If you’ve visited a shopping mall in America, you’ve probably seen the characteristic design of the Hollister Co. clothing stores.  About 249 of the stores have a roofed porch-like entrance, with steps leading up onto the porch from the mall area and steps leading down from the elevated porch into the store interior.  Flanking the porch on both sides are wheelchair accessible entrances with no steps that lead directly into the store’s interior.  Advocacy groups — with the Justice Department’s (DOJ) support as amicus — sued Hollister and parent company Abercrombie & Fitch Co. claiming that the porch structure violates Title III of the Americans with Disabilities Act.

The plaintiffs won in district court where they argued that:  (1) even though the stores fully comply with the requirements of the 1991 and 2010 Standards for Accessible Design (ADA Standards) for entrances, the existence of an elevated porch violate the “overarching aims” of the Title III of the ADA because people who cannot use the stairs cannot enjoy it; (2) the porch itself is a “space” and all spaces must be accessible; and (3) the accessible entrance must be the one used by the “majority of people.”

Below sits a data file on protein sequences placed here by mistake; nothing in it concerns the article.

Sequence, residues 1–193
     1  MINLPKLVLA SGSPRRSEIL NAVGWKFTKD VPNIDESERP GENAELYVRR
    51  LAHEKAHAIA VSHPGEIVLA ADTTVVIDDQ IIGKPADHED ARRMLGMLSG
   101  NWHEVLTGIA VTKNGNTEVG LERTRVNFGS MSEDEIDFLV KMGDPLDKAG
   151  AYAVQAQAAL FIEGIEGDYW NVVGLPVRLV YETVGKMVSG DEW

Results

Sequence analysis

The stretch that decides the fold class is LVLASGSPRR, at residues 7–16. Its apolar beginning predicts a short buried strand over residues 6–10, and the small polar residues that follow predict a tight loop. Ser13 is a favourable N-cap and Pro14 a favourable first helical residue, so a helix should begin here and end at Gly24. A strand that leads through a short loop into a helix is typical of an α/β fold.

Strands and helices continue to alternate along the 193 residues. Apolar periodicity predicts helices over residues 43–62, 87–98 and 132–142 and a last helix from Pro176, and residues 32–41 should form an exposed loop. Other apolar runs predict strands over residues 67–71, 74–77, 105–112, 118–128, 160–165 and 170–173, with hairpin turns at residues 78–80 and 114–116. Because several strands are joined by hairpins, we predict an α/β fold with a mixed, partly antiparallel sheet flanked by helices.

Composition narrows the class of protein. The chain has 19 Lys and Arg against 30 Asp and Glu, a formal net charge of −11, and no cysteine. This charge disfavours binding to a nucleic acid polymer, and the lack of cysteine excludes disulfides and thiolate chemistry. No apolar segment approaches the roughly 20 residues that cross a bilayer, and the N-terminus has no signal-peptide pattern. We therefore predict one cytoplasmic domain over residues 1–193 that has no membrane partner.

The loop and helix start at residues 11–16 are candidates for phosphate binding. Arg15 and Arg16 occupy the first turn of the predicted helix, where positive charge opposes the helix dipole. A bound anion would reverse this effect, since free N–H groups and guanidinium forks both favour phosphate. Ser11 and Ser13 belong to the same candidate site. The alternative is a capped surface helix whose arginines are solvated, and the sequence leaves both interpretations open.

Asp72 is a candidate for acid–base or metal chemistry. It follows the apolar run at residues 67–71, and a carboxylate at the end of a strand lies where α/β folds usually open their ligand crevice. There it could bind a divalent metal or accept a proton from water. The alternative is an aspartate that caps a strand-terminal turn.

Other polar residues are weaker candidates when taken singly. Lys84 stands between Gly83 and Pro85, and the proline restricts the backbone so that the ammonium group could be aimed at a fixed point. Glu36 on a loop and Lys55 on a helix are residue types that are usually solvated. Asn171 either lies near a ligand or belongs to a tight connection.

The Tenth Circuit Court of Appeals rejected all of these arguments.  The court found that meeting the ADA Standards is sufficient to satisfy Title III of the ADA when the issue is one of design, rather than discriminatory practice.  The DOJ had argued — based on the ADA’s broad guarantee of a “full and equal” experience —  that the porch has to be accessible because it is part of the “Hollister experience.”  The Tenth Circuit disagreed.  The court also held that the ADA Standards do not require every space in a facility to  be accessible.  Further, court ruled that the “majority of people” rule from the 1991 ADA Standards was abandoned in the 2010 ADA Standards so that it no longer applies to the case at hand.

This decision should be welcome news for public accommodations that are building and remodeling their facilities.  Although it should be matter of common sense that compliance with the ADA Standards equals compliance with the ADA, this lawsuit called this proposition into question.  Plaintiffs and DOJ often rely the “full and equal” language of the ADA to argue in support of additional obligations that are not stated in the regulations or ADA Standards.  At least in matters of architectural design, one circuit is saying no to this line of argument.

Kylie Byron